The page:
Over the years I have run through the gamut of wearable devices and I have an old electronics drawer filled with the evidence; a few Fitbit Trackers and Ultras that didn’t fall off and get lost somewhere, three generations of Nike Fuel Bands, a Garmin Vivosmart and a few I can’t even remember. Yes, I have been a workout data collection geek for several decades.
I like the accountability of a wearable activity tracker with smart features and feel a bit undressed without one in some form or another. Also, if I go out without one and go for a run or walk, it is sort of like not getting credit for the work. But, finding the right one, particularly within the shifting range of capabilities of wearables over time has been a challenge.
After having gone through a similar routine with Bluetooth headsets and settling for the last two years on the Jawbone Era as the thing that lives my ear whenever I am not at my desk, I took a look at the Jawbone “Up”. (Yes, the Era is awesome and the best way to consume podcasts while walking in Manhattan or cycling. And the convenient charging case can keep multiple Eras charged throughout the day.) I figured that if they did a good job with the Era they might be on to something with the Up… and I had read several articles on how the app associated with the Up was pretty cool.
What sold me on it as a possible wearable was their newest feature available with the Up 4 Tracker, and that is its ability to be used as a payment device associated with an American Express card. Yes, you can link your Amex card with the band and just swipe it close to any “contactless payment” device. Here is an article in Mobile Payment Magazine http://mobilepaymentmagazine.com/jawbone-amex-mobile-payment#more-4335 and a photo from their site on how it is used:
Just look for this and you are good to pay with a simple swipe:
So, I purchased a Jawbone Up4 tracker https://jawbone.com/store/buy/up4 and have been using it now for almost a month. Finally, a wearable that gives me what I want and doesn’t duplicate anything else (like my Garmin 620 running watch for running or my Samsung Galaxy Live watch for work.)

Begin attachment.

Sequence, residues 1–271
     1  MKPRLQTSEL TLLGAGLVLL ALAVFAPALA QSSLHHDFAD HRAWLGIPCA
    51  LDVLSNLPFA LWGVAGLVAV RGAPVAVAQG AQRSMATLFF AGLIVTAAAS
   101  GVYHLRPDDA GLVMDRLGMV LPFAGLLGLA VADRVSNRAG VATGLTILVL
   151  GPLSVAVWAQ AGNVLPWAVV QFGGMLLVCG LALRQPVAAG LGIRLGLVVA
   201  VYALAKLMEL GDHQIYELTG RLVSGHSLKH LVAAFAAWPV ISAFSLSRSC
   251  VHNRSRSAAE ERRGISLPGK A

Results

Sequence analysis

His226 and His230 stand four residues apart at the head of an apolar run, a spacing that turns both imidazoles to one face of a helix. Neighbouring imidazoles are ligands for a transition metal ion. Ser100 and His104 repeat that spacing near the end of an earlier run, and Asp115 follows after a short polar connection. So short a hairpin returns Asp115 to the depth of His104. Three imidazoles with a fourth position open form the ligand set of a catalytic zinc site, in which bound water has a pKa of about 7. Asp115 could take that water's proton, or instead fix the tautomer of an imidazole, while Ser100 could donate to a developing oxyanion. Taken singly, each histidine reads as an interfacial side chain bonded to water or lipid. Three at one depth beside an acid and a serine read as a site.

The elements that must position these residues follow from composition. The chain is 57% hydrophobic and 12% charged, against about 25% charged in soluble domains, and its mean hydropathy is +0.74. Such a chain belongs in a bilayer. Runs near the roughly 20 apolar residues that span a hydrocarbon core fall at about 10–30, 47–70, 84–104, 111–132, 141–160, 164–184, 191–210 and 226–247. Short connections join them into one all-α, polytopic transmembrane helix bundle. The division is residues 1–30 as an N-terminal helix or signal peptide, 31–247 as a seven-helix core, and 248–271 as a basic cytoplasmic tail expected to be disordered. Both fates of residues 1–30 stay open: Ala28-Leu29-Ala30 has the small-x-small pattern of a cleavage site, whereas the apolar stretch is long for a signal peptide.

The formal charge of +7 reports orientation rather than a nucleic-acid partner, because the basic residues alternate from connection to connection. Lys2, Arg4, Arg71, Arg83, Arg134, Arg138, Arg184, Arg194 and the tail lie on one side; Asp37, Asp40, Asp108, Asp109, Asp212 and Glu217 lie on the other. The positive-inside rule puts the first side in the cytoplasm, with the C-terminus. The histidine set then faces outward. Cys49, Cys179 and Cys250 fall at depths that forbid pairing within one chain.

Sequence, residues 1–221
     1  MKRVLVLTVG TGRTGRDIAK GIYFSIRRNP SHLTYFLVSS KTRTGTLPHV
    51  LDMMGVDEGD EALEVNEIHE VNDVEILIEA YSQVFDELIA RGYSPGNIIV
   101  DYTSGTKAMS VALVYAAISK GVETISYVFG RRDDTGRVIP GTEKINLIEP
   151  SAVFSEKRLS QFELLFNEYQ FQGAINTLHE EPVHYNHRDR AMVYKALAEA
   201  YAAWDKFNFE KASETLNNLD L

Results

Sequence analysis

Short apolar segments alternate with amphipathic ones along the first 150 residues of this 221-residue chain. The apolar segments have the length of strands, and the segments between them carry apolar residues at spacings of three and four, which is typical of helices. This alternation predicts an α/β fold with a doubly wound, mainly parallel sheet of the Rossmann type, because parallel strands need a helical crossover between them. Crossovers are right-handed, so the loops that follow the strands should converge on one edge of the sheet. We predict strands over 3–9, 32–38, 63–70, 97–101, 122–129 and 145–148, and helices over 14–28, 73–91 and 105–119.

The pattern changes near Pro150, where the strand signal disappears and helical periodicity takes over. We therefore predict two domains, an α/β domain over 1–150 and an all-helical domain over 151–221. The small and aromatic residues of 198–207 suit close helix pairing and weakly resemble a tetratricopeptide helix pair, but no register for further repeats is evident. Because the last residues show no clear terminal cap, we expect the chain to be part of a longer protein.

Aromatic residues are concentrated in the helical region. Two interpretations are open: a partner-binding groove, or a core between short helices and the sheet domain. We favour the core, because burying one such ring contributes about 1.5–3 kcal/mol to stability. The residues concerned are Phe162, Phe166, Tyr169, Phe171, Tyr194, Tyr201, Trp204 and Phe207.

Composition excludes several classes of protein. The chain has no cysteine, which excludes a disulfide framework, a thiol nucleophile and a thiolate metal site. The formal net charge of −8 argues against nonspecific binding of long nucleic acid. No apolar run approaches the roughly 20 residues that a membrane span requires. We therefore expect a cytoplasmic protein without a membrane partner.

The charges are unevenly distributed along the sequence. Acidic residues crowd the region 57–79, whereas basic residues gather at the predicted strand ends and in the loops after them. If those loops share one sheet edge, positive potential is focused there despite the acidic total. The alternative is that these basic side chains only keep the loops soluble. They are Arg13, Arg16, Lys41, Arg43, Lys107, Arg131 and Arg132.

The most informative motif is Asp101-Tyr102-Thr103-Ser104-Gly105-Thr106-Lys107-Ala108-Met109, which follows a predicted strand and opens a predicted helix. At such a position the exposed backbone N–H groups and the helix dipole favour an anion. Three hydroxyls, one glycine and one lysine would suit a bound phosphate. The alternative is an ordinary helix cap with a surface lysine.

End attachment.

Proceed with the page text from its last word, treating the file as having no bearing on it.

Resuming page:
OK, so it does the expected stuff like keeping track of how many steps you take and can give you little reminders when you have been sitting on your ass for too long. Most all of the wearables can do that. But, there are two specific areas in which this little device really pays off; a) in giving me some good longitudinal data on my resting heart rate; b) keeping me cognizant of my sleep patterns and time spent in different stages of sleep. In these two areas I am now getting data that has helped me to improve my overall health and fitness.
I haven’t been honest with myself about sleep over the years. It seems unfair that you are only alive for so many hours in a lifetime and you have to spend extended periods each day with your eyes closed and mostly unconscious. I fooled myself over the years that I could get by trimming a little off both ends of sleep, staying up a little while longer each day to watch some John Stewart and then then getting up before dawn to grab an hour at the computer dealing with colleagues awake in Europe and reading the extraordinary PressReader Replica Edition of the New York Times on desktop. (This has nothing to do with the Up, but it is a great way to read the newspaper each morning.)
But recent studies have rather conclusively shown that there are some real physiological benefits to a full dose of sleep each night, as beneficial as all of the other things that we do right during waking hours (yoga with some mindfulness thrown in, good diet, aerobic exercise with some doses of anaerobic hammering.) I fooled myself in thinking that I was getting more sleep than I was, probably averaging about five and a half to six hours a day. But, given that I’m traveling internationally about 40% of the time, I should be taking better care of my sleep while I am at home.
With the Up tracker I triple-tap the device as I get ready to sleep and choose the blue icon, which starts the device monitoring my various stages of sleep. Then, when I get out of bed in the morning I repeat the process, choosing the little yellow guy as I start my day. Soon the device will sync with my Samsung Galaxy S5 and I’ll get this feedback on my phone:
So, it gives me data… and data I can work with. It told me that last night it took me five minutes to fall sleep and that my sleep was pretty well balanced: about two hours of deep sleep, two hours and forty-two minutes of REM sleep and about the same amount of light sleep. The app reports how well I did in comparison to my goal (six and a half hours, increasing to a goal of seven hours a night this week) and my resting heart rate (more on this later.)